, NAIROBI, Kenya, Aug 29 – President Uhuru Kenyatta’s lawyer Fred Ngatia on Tuesday took Raila Odinga and Kalonzo Musyoka to task for failing to concretely state – before the Supreme Court – how many votes exactly they believe were stolen from them in totality, and by how much it affected the election outcome.
He also questioned why the duo contested the results when they had agents in about 84 per cent of the 40,883 polling stations of whom 94 per cent, signed off on the results as captured on the now famous Form 34As.
And at the end of the day, Ngatia submitted, it was down to the results on those forms. “We should not have a contest on transmission. We should have a contest on Form 34A,” he told the court.
It was this point that Ngatia sought to make by playing for the court a video of former US Secretary of State John Kerry being interviewed by the Cable News Network (CNN).
During the interview done before the Independent Electoral and Boundaries Commission declared the result of the presidential result, Kerry stated: “This is not an electronic vote, it’s a paper ballot ultimately.”
It was for this reason that, Ngatia said, they had therefore taken it upon themselves to tabulate the legitimate discrepancies raised by the petitioner and found that they would not significantly alter the final result, terming them “totally insignificant.”
The 54 per cent win of his client, Ngatia submitted, was consistent with the projections the Election Observer Group (ELOG) made. Having had 8,300 observers in 47 counties; covering 98.4 per cent of the 40,883 polling stations.
Ngatia took the time to buttress this line of submission by making reference to the African Union and Commonwealth Election Observer Missions reports. “The AU found it a true reflection of the will of the Kenyan people.”
The overwhelming majority of seats the governing party secured in the election, President Kenyatta’s lawyers submitted, was proof of his popularity. “If he secured a paltry 10 seats in Parliament and then went ahead to win the Presidency then maybe then they’d have a case,” fellow lawyer Ahmednasir Abdullahi submitted.
He however appeared to trip himself up when he submitted that the best evidence adduced by the petitioners, Odinga and Musyoka, so far is when they questioned the authenticity of the Form 34As even simply by looking at them.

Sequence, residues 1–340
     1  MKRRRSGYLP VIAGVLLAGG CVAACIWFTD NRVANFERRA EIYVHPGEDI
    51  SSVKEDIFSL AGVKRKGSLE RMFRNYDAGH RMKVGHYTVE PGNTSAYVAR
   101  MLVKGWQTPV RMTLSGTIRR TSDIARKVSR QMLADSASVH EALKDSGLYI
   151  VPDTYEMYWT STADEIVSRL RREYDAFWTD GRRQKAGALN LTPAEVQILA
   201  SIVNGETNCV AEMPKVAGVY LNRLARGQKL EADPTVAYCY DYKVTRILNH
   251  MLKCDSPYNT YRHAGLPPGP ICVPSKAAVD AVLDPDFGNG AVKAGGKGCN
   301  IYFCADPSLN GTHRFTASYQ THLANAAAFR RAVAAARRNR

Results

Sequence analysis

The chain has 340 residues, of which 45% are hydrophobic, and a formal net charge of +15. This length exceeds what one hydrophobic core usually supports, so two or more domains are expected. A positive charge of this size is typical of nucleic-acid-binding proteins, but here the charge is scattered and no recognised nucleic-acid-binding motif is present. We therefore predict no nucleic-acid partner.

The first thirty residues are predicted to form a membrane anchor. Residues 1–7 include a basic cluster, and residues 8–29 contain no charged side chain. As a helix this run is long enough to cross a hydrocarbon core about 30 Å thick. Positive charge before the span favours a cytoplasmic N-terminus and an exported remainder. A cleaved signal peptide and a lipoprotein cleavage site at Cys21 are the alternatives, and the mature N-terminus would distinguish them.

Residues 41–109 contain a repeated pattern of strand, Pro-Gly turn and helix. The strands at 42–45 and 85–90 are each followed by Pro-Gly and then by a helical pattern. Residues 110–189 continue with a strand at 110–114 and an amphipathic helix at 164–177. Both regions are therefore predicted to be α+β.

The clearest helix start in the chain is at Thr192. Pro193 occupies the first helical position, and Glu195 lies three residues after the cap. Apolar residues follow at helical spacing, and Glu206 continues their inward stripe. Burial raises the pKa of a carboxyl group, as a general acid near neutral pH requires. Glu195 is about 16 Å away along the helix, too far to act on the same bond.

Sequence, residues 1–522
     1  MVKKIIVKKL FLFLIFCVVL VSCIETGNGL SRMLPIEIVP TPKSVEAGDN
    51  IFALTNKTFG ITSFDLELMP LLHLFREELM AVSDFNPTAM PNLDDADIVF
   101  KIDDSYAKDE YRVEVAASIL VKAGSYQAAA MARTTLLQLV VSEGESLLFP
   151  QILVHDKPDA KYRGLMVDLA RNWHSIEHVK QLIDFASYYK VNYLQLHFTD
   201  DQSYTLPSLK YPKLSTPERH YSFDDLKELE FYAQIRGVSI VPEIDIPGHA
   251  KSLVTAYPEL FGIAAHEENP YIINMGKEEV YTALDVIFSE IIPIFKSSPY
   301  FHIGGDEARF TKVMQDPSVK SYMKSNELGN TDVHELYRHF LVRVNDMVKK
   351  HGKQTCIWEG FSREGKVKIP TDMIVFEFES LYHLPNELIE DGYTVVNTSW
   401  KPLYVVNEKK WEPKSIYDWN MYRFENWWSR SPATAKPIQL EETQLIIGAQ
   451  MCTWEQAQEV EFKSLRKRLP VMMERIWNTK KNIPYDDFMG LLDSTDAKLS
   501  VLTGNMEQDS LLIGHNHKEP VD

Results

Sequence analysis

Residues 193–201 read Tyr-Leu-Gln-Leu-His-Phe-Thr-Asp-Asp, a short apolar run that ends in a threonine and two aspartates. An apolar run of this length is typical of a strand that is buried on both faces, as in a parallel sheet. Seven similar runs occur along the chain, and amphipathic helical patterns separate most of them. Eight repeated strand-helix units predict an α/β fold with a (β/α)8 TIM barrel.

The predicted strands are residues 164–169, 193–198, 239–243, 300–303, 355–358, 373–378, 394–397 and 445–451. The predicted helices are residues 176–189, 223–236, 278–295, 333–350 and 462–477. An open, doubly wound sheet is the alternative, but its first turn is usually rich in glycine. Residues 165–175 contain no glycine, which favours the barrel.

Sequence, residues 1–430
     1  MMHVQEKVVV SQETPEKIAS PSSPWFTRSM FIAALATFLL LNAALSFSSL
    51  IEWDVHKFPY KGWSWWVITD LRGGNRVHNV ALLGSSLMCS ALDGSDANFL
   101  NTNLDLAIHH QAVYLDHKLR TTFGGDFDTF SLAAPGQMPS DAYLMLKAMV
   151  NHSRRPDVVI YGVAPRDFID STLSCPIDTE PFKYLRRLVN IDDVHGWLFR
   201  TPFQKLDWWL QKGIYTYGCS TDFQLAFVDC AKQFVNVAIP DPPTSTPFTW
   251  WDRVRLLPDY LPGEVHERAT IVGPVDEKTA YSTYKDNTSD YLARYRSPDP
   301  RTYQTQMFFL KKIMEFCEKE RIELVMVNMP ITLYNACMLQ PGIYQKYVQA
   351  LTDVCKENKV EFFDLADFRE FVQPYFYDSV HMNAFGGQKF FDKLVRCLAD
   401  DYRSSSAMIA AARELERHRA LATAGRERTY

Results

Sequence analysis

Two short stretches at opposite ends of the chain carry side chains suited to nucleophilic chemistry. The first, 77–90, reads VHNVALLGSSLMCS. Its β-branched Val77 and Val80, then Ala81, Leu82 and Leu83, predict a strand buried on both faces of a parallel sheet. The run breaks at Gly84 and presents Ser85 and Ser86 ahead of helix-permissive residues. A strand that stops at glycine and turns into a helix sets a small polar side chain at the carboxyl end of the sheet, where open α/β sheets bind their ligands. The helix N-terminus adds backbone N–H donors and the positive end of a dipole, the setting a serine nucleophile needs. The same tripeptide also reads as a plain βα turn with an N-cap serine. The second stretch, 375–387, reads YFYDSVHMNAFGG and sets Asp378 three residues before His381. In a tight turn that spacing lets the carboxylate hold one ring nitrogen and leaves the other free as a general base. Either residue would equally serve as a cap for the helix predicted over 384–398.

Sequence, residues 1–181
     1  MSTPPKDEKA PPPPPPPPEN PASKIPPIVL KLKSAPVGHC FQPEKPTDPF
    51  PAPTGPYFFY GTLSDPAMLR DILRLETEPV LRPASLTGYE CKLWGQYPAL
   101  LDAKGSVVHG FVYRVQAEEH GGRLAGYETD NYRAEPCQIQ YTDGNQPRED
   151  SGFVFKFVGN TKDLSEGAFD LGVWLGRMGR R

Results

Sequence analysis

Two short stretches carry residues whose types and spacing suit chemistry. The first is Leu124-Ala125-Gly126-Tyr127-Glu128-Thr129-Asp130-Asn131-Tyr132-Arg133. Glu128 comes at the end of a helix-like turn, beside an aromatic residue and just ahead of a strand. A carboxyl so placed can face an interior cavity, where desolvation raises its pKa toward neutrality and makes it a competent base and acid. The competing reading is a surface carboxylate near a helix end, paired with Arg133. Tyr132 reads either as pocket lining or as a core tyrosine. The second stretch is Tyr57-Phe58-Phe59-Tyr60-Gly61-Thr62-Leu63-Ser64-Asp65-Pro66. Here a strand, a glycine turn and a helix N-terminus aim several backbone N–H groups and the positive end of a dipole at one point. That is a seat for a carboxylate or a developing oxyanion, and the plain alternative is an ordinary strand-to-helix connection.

The legal team also defended the role of Cabinet Secretaries in the campaigns and intimidating remarks President Kenyatta is accused of having made to provincial administration chiefs in Makueni.
“The over 300,000 votes the petitioner secured in the county compared to the 27,000 my client garnered disprove those claims,” Ngatia submitted.
On the role of CSs in campaigns, Ngatia submitted that there was a distinction between public and state officers and the roles they play.
They also submitted that by granting the annulment of the presidential election that Odinga and Musyoka are seeking, the Supreme Court would in effect be declaring that “the 15 million who voted were not entitled to exercise their rights,” Abdullahi submitted.
Ngatia also responded to the petitioners’ contention that there was no way the presidential election results could have started streaming in just seven minutes after the close of polls.
Echoing the submissions made by the Independent Electoral and Boundaries Commission on Monday, he submitted that there were only 10 ballots to tally at the Narok Main Prison – prisoners limited to voting in the presidential election. “How long does it take to count 10 votes?” he posed.
The IEBC on Monday having attributed the higher number of votes for president than there were for the other elective posts on the fact that prisoners and voters in the Diaspora exclusively voted for the one post, Ngatia added to that the “peculiar” voting habits of Kenyans; submitting that there was usually more interest in certain elective posts than others.
Abdullahi even gave the example of Kiambu where he submitted that more votes were cast for the Woman Representive post than presidential.
Ngatia ended his submissions by painting a picture for the Supreme Court of what life would be like should they nullify the election and pleaded with them to allow President Kenyatta to move forward with his second term.”We cannot be in election mode throughout our lives and there is no guarantee that would be the end of it.”